Do you have pain radiating from your buttock to your calf? Perhaps you have discomfort running from groin to knee. Interestingly, both of these diverse problems may fall under the rubric of sciatica. So, what is sciatica and what causes sciatic nerve pain?
Sciatica is not actually a medical diagnosis; it is a term that refers to any type of pain or weakness that is caused by irritation or injury to your sciatic nerve. Sciatica pain is most prevalent among people 30- to 50-years old.
The sciatic nerve is the longest nerve in the body. It comprises a number of nerves that exit your lower spine and meet up. The sciatic nerve runs from your lower back through the buttocks and hamstrings into your lower leg.
Sciatica manifests itself in a number of ways, usually occurring only on one side of the lower body. Some of the most common sciatica symptoms are:
- Weakness or numbness in moving your foot or leg.
- Constant pain in the rear calf.
- A tingling or burning sensation in the leg.
- A “pins and needles” sensation in the leg.
- Shooting pain in the leg, making walking or standing up a challenge.
- Constant pain in the buttock that may radiate down the leg.
- Pain that decreases when walking or lying down, but ramps us while sitting or standing.
Your sciatica symptoms may intensify when you sneeze, cough or make other sudden movements or when you change positions.
There are six injuries that are most often implicated in sciatica:
- Degenerative disc disease. Although our discs normally degenerate a bit with age, the weakened discs in some bodies irritate the nerve root, causing sciatica. Disc degeneration may also lead to bone spurs, which may press against a nerve and result in sciatica.
- Lumbar spinal stenosis. A narrowing of the spinal canal is relatively common in adults older than 60 and can cause pressure on the sciatic nerve through one or more factors, including bulging discs, overgrown soft tissue and enlarged facet joints. Spinal arthritis often accompanies spinal stenosis and can contribute to sciatica.
- Herniated lumbar disc. Herniated discs result when the fluid inside the disc leaks out beyond the core and irritates the nearby nerves, causing sciatica.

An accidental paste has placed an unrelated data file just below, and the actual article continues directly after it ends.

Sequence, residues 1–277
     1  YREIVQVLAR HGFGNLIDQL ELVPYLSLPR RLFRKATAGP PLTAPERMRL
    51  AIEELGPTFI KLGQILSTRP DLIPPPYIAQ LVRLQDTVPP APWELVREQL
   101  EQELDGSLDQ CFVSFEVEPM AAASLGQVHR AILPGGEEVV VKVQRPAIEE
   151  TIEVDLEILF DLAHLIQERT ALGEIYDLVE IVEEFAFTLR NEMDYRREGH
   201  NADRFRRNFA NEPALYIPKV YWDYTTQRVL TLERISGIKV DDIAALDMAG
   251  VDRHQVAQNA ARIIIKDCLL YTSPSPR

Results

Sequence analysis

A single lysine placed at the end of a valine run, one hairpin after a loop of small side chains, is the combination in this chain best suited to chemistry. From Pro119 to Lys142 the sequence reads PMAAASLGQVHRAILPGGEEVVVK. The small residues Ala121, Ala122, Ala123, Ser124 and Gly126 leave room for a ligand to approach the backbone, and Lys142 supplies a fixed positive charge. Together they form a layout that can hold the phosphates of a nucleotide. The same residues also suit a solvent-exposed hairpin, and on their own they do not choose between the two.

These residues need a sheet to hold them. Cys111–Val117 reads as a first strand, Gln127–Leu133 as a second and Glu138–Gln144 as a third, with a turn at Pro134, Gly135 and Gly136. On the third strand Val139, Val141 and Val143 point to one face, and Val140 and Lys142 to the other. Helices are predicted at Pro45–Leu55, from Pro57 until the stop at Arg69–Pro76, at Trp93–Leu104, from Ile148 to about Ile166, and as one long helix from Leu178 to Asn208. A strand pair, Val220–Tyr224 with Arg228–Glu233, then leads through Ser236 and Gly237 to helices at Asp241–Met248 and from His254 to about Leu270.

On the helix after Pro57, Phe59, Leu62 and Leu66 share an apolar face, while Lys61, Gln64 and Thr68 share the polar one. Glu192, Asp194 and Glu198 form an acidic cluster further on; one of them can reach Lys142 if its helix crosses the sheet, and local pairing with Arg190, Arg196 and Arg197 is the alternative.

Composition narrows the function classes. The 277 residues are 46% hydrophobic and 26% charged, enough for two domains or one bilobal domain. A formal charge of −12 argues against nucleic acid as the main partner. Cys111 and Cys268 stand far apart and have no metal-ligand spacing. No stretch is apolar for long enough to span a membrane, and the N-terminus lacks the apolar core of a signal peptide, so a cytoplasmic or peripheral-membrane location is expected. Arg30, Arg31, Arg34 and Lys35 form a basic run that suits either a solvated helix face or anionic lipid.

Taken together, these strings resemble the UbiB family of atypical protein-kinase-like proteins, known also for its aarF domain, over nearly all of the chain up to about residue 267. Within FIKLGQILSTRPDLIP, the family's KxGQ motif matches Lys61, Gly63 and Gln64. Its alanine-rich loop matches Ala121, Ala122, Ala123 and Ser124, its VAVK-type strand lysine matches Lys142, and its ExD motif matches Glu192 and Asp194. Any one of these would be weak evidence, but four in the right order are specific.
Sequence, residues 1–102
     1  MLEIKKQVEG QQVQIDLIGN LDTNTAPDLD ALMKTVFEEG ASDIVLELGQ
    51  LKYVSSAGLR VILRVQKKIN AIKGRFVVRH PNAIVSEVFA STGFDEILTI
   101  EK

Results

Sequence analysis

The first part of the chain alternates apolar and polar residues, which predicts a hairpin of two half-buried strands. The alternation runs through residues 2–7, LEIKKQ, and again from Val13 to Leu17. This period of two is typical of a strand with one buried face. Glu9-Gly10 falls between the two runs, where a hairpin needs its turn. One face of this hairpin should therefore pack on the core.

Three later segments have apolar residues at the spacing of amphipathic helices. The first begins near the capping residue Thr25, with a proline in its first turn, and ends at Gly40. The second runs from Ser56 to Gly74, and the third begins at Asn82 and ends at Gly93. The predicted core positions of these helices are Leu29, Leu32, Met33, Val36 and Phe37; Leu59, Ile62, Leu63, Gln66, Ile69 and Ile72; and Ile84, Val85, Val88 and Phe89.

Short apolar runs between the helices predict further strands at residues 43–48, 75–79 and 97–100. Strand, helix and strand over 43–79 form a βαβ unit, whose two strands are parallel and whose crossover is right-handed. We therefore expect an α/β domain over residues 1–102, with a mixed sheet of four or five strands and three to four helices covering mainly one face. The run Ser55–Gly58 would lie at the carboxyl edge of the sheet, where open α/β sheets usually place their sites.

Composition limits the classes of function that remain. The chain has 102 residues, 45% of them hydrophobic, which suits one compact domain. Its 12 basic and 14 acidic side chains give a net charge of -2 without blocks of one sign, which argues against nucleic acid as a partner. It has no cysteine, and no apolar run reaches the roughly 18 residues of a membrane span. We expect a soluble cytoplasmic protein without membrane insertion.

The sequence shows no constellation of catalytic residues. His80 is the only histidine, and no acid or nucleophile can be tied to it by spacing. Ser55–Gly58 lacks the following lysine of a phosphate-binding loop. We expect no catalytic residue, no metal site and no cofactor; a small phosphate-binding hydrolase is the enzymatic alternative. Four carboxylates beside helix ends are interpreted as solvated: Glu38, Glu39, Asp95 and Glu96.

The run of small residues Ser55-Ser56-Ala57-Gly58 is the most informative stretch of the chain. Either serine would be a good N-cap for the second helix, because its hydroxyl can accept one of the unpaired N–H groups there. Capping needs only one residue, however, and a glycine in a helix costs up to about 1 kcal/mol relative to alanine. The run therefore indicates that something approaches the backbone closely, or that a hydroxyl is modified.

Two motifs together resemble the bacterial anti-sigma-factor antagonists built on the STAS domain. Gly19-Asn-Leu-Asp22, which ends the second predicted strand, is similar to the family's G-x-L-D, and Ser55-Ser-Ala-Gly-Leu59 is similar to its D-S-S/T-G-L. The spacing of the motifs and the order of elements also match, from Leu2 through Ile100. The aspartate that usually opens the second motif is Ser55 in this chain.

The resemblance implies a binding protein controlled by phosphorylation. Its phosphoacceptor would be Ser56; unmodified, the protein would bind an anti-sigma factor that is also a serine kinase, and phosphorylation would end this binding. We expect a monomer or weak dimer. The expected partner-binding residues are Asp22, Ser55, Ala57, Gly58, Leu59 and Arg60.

- Sacroiliac joint dysfunction. The sacroiliac joint is located at the base of the spine, and anytime it is irritated, the nerve that lies on top of it is also subject to irritation, causing leg pain similar to sciatic pain.
- Piriformis syndrome. The sciatic nerve runs under the piriformis muscle in the buttocks and may be subject to irritation or pinching by the muscle, causing sciatica-like pain.
- Isthmic spondylolisthesis. A small stress fracture in a vertebra can cause the vertebra to slip forward onto another, collapsing disc space and pinching the sciatic nerve.
Sciatic Nerve Pain Treatment
In order to treat sciatic nerve pain, your physician or physiotherapist must determine the underlying problem that is causing it. This can be a challenge, since two cases of sciatica can easily have the same symptoms but different causes. You may need an X-ray, a CT scan or an MRI to assess potential problems with your vertebrae.
Once this is accomplished, the focus can shift to relieving pain and pressure on the sciatic nerve and restoring the range of motion:
- Ice. Icing the affected area can help to reduce inflammation. Ice should be wrapped in a towel and applied for 20 minutes at a time.
- NSAIDs. Non-steroidal anti-inflammatory medications such as ibuprofen help to reduce the inflammation that may be a source of irritation for the sciatic nerve and surrounding tissues.
- Physiotherapy. Your physiotherapist will prescribe a course of stretching exercises to loosen any muscles that may be placing pressure on the sciatic nerve, as well as joints and tendons, plus strengthening exercises to help prevent a recurrence of the pain. Physiotherapy treatment for sciatic nerve pain may also include:
- Acupuncture. Long recognized for its effectiveness in relieving back pain.
How to Prevent Sciatic Nerve Pain
Unfortunately, sciatica has a tendency to re-occur, and bouts of sciatica can last as long as six weeks. You can play a part in preventing an episode of sciatica by playing an active role in your own physical health:
- Regular exercise. Make exercise part of your routine, focusing on activities or routines that strengthen the back and abdominal muscles. Swimming and Pilates are ideal; ask your physiotherapist about individual exercises.
- Posture. Keep an eye on your posture when sitting and standing. You may want to request an ergonomic assessment at work to ensure your chair, computer and desk are arranged to minimize inappropriate stresses.
- Sleep posture. Consider sleeping with a pillow between your knees or at your side so that your back is supported.
- Movement. If you have a desk job, make sure to get up and move every 20 to 30 minutes. Walk to the photocopier, the coffee pot or just up and down the hall.
- Lifting. Be sure that you lift heavy objects by using your leg and hip strength.
Sciatica is unpleasant, but the pain can be addressed. Treatment that occurs during the first 48 hours of onset will shorten the time you are indisposed.